In the past, an apology from a doctor or midwife has been admissible as evidence of liability.

Republican Sen. Pat Vance of Cumberland County says the law will finally let medical professionals express their sympathies in the event that something goes wrong in the course of care.

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Government & Politics
4:03 pm
Wed October 23, 2013

House Vote on Transportation Funding Will Likely Wait Until November

A transportation funding proposal isn’t quite ready for a vote before the full state House.
Negotiations are expected to continue into next month as state lawmakers try to secure public works payment-related concessions from labor unions that can woo Republican votes without losing support from Democratic members.
But House Speaker Sam Smith won’t even say he’s cautiously optimistic that a plan could pass in November.

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3:42 pm
Wed October 23, 2013

Sen. Casey Calls For Lower Taxes For Small Breweries

Lower taxes may be brewing for small beer makers if the state’s Democratic U.S. senator has any pull.

Bob Casey is calling for a reduction in taxes for the breweries.

He says the same legislation would also increase how much beer companies can sell and still be considered “small.”  

"Taxes as it relates to breweries have really not changed since the mid-1970s," Casey said. "Since that timeframe, breweries have grown substantially in size."

Casey visited Troeg’s Brewing Company in Hershey, Dauphin County to tout the proposal.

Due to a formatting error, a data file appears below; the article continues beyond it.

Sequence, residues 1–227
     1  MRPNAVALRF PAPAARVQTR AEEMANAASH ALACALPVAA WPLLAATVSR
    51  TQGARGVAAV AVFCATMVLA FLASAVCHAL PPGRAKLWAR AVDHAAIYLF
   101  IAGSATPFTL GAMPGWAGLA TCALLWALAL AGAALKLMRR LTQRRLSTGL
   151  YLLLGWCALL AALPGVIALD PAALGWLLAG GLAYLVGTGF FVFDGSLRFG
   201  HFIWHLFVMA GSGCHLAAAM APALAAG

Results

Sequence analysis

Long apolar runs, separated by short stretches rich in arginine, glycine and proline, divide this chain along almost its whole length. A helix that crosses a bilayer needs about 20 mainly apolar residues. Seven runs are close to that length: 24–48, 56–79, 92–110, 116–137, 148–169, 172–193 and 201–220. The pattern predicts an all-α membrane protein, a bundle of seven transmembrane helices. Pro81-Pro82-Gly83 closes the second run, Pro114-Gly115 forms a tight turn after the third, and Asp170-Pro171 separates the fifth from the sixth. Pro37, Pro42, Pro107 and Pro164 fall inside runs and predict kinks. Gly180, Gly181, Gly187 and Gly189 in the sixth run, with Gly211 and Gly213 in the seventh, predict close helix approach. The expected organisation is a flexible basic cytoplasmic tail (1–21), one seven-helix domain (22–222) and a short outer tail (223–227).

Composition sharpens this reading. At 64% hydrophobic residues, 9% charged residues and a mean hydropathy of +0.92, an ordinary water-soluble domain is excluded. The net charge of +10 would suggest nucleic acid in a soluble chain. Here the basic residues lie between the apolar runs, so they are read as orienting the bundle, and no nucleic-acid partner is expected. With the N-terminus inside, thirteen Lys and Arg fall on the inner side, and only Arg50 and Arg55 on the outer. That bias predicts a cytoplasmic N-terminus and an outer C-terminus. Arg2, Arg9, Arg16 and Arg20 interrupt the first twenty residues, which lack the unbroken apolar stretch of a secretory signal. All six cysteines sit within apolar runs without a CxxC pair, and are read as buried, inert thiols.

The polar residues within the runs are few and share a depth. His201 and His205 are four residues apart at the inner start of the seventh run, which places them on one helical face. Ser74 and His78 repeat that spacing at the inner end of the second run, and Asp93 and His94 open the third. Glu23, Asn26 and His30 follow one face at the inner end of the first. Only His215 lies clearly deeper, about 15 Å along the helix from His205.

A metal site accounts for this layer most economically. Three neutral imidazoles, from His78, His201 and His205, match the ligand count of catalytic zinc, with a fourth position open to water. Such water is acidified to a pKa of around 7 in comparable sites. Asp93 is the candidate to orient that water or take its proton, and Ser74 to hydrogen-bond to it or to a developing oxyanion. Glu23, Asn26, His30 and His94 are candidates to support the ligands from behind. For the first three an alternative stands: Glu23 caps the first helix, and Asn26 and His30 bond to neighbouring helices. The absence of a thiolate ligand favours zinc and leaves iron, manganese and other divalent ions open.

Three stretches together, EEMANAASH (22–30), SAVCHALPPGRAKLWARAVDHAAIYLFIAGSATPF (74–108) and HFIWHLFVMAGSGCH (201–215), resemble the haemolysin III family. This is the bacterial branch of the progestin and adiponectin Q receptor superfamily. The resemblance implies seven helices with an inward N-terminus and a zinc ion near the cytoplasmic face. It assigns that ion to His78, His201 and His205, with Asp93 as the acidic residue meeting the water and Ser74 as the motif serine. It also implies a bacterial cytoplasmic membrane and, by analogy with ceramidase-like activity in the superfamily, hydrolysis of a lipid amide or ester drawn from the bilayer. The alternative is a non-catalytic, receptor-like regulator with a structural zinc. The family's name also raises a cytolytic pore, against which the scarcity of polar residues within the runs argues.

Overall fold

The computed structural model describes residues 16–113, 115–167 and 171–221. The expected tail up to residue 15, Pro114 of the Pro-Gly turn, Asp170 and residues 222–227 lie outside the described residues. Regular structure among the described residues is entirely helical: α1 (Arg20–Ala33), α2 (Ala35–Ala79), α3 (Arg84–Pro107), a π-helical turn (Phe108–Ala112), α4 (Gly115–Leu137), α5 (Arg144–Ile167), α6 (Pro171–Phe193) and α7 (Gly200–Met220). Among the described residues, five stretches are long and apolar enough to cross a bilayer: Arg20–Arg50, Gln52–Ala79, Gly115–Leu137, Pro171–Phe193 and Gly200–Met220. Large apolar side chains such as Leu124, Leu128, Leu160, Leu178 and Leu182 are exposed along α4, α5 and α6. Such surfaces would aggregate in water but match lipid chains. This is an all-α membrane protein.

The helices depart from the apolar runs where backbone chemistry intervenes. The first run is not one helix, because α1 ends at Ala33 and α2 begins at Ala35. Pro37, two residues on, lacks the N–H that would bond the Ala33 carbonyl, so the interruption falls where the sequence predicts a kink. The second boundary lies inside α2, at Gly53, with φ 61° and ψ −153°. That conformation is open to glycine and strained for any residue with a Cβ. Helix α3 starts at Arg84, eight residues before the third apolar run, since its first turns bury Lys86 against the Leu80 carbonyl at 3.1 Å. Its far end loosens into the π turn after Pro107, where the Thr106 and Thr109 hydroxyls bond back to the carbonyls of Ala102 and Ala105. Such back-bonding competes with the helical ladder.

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4:50 pm
Tue October 22, 2013

In Harrisburg, a Push to Require More Disease Testing for Newborns

State lawmakers may have the go ahead from the governor for legislation to make sure newborns are tested for a number of degenerative diseases affecting the nervous system.

Krabbe leukodystrophy is on the list of diseases that can go undetected until it’s too late because Pennsylvania doesn’t require newborns to be screened for it.

Vicki Pizzullo knows the pain of hearing such a diagnosis and is urging lawmakers to mandate the testing.

Her 9-month-old daughter Hannah was diagnosed with Krabbe too late to receive treatment.

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Government & Politics
5:37 pm
Mon October 21, 2013

PA's State-Related Universities Defend Open Records Status

Pennsylvania’s four state-related universities are arguing they should continue to receive special treatment under the commonwealth’s open records law.

State lawmakers are working on an update to the government transparency law last revised in 2008, which largely exempts Penn State, Pitt, Temple and Lincoln.

Valerie Harrison, general counsel for Lincoln University, says additional oversight would be cumbersome.

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Government & Politics
3:22 am
Mon October 21, 2013

Prescription Drug Database Could Expand In PA, But Who Can Use It?

Pennsylvania could soon track more of the prescriptions you purchase but it is still unclear who will be able to see the database.

Pennsylvania is not like its neighboring states – it monitors prescriptions most prone to abuse, but turns a blind eye to other categories of drugs.  But that might not be the case for long.